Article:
(208f) Raman Spectroscopy On Size Segregated Nanoparticles From a Flame Generator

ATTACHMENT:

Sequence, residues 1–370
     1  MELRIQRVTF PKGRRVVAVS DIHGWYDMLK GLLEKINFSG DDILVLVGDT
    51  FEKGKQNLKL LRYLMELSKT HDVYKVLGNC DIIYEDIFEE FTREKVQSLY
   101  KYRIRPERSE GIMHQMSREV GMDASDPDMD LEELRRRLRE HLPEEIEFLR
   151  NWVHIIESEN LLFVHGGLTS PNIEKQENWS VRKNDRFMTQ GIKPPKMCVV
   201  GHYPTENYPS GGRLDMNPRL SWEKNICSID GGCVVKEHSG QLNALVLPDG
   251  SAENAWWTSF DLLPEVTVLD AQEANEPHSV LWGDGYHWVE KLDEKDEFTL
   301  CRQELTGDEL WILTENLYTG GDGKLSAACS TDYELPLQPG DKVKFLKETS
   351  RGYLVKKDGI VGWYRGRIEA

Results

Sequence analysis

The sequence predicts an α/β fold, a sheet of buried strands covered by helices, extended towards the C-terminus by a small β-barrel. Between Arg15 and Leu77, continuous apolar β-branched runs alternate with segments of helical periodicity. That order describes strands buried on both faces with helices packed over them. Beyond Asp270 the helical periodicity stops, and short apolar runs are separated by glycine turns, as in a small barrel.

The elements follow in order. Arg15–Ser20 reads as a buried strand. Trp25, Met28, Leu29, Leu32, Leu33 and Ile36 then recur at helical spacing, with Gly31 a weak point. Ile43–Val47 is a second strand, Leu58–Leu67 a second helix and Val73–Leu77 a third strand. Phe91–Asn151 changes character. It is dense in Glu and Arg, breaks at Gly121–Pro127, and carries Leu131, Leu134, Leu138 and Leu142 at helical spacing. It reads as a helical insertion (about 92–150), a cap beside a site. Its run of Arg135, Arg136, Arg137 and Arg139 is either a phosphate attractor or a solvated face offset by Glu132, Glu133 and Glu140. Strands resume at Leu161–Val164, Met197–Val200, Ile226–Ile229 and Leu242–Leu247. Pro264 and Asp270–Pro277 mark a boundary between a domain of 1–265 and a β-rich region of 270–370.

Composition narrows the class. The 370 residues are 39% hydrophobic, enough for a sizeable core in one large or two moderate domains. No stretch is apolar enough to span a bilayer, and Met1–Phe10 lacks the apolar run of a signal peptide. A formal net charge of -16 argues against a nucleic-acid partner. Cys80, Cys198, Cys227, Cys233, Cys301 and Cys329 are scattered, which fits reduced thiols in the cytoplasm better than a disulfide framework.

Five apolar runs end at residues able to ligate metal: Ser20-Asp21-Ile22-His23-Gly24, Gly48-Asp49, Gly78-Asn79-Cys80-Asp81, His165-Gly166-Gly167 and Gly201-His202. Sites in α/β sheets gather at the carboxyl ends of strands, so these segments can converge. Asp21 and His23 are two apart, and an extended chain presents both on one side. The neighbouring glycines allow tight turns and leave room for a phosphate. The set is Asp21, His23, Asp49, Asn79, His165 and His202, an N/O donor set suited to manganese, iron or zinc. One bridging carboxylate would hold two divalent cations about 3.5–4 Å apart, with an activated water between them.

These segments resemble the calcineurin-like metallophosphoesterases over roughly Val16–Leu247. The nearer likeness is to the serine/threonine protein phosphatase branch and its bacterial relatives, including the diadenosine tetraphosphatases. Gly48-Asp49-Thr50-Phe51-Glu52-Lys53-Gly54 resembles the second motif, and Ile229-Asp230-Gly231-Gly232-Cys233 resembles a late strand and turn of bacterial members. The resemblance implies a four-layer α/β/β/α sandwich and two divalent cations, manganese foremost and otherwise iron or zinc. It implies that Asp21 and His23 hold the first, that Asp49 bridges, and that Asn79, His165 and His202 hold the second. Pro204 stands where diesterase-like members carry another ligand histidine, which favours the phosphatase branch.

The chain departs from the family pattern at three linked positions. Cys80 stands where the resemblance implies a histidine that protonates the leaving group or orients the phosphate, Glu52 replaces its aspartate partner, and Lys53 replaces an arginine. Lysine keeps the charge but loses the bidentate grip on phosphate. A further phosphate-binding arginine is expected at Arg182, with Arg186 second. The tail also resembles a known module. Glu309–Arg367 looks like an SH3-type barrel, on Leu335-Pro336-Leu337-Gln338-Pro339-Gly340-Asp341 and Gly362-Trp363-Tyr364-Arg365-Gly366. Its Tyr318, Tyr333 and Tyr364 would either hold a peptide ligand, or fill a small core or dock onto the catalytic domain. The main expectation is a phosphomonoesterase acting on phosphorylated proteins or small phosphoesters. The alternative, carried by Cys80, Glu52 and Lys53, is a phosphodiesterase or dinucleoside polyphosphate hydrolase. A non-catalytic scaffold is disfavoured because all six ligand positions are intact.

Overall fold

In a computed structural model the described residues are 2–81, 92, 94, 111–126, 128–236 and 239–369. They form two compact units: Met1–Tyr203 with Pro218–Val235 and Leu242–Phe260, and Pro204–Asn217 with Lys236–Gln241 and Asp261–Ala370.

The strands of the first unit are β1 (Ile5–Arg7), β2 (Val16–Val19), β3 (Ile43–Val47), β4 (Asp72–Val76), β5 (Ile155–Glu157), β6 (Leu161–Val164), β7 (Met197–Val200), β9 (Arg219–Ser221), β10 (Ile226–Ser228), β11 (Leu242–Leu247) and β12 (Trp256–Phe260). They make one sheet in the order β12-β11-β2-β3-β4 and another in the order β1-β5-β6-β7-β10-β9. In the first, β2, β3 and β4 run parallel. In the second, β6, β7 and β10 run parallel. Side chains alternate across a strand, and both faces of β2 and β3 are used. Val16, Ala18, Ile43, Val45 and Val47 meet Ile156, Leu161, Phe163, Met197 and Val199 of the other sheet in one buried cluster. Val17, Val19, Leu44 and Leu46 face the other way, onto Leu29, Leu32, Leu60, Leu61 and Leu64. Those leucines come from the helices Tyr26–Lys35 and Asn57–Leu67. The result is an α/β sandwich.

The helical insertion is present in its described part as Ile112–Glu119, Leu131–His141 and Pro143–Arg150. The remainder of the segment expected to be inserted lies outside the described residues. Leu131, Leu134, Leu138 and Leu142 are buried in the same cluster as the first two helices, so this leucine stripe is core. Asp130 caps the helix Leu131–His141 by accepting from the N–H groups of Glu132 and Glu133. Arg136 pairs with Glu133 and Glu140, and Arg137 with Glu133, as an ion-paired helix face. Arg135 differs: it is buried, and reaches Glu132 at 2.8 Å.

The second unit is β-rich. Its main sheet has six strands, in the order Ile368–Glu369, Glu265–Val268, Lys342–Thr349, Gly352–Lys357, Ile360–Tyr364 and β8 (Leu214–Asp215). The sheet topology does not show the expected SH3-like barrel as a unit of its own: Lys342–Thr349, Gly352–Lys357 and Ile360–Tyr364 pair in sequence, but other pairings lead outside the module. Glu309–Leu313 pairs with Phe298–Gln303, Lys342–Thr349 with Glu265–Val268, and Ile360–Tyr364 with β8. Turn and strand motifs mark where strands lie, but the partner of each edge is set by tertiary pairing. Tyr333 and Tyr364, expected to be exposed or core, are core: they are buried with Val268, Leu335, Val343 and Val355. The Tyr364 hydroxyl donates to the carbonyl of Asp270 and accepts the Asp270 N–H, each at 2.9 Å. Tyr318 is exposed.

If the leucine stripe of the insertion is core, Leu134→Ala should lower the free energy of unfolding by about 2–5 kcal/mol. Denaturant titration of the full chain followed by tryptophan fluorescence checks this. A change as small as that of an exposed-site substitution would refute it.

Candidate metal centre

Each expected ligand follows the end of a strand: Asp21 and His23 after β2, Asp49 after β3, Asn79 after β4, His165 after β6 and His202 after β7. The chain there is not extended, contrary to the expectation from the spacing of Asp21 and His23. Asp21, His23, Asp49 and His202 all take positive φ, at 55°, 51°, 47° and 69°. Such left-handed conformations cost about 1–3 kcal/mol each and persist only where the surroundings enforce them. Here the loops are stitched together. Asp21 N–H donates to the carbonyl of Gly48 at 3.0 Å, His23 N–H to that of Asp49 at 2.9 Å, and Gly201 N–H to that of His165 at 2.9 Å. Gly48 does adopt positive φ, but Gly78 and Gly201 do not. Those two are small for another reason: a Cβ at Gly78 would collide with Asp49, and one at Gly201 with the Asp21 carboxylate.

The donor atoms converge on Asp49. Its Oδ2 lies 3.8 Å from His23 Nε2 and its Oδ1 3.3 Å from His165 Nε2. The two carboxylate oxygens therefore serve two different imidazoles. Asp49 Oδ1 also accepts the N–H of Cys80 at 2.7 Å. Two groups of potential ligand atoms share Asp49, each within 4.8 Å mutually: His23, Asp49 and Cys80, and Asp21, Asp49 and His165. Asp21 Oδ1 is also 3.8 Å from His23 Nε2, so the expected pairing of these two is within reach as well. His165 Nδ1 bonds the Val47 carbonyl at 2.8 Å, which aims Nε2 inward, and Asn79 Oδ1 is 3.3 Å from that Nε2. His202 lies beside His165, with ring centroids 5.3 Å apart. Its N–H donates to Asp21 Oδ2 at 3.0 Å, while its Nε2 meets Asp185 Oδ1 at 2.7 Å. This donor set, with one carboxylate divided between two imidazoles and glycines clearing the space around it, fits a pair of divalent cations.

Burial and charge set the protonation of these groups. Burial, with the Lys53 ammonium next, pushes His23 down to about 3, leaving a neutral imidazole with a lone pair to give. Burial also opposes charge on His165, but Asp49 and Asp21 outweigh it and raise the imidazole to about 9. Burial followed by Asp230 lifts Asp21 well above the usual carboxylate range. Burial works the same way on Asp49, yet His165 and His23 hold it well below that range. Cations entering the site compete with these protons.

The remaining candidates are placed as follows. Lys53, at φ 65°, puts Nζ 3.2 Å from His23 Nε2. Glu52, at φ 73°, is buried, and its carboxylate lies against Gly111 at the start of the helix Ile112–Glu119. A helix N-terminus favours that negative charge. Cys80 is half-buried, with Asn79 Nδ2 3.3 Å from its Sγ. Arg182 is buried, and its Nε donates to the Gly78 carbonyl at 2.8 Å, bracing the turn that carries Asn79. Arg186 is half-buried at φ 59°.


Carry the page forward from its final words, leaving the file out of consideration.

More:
Flame methods are widely used among nanoparticle synthesis via aerosol routes. Many flame methods include spraying of liquid precursor followed by evaporation and nucleation into product species. Liquid Flame Spray (LFS) works in this way. The precursor solution is sprayed into a turbulent, high temperature, high velocity H2-O2 flame. Final particle size is adjusted with the precursor concentration and feed rate. A characteristic of these spray methods is that the sprayed droplets are not completely evaporated and so called residual particles are formed. Mainly the synthesised nanoparticles form via gas-to-particle conversion. However, the slightly larger residual particles are formed via liquid-to-solid conversion. This might lead to different crystalline forms. Conventional way to study the crystalline forms is X-Ray diffraction from powder samples. However, it is only an average of the whole sample. In this study, we combine aerosol sampling in impactor with Raman spectroscopy in a novel way. We synthesise nanoparticles with the LFS and collect the particles in a cascade impactor. Different size fractions are segregated in the impactor. Afterwards, the impactor plate samples are studied using Raman spectroscopy to distinguish the crystalline form of different parts in the aerosol distribution. Iron oxide and titanium dioxide particles are studied separately. Iron oxide is found to be mainly magnetite but the residual particles are hematite. Titanium dioxide is anatase as produced and there can be found residual particles of rutile.